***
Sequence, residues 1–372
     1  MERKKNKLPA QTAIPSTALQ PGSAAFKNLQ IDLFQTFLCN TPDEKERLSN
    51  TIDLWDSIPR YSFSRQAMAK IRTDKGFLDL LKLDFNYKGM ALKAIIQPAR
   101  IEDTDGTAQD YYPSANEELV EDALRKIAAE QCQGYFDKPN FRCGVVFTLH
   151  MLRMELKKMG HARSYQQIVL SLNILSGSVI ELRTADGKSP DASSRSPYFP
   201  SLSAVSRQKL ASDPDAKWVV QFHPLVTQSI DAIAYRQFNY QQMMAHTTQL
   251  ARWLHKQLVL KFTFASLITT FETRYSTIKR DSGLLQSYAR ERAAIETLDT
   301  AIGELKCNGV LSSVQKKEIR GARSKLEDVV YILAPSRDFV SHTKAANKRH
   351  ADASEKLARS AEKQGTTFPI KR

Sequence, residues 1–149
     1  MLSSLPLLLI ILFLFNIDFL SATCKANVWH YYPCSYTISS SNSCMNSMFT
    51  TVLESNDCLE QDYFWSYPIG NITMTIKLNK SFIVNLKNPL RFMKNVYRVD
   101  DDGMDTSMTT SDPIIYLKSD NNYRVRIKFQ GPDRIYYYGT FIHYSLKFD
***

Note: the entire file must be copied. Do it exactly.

Sequence, residues 1–372
     1  MERKKNKLPA QTAIPSTALQ PGSAAFKNLQ IDLFQTFLCN TPDEKERLSN
    51  TIDLWDSIPR YSFSRQAMAK IRTDKGFLDL LKLDFNYKGM ALKAIIQPAR
   101  IEDTDGTAQD YYPSANEELV EDALRKIAAE QCQGYFDKPN FRCGVVFTLH
   151  MLRMELKKMG HARSYQQIVL SLNILSGSVI ELRTADGKSP DASSRSPYFP
   201  SLSAVSRQKL ASDPDAKWVV QFHPLVTQSI DAIAYRQFNY QQMMAHTTQL
   251  ARWLHKQLVL KFTFASLITT FETRYSTIKR DSGLLQSYAR ERAAIETLDT
   301  AIGELKCNGV LSSVQKKEIR GARSKLEDVV YILAPSRDFV SHTKAANKRH
   351  ADASEKLARS AEKQGTTFPI KR

Sequence, residues 1–149
     1  MLSSLPLLLI ILFLFNIDFL SATCKANVWH YYPCSYTISS SNSCMNSMFT
    51  TVLESNDCLE QDYFWSYPIG NITMTIKLNK SFIVNLKNPL RFMKNVYRVD
   101  DDGMDTSMTT SDPIIYLKSD NNYRVRIKFQ GPDRIYYYGT FIHYSLKFD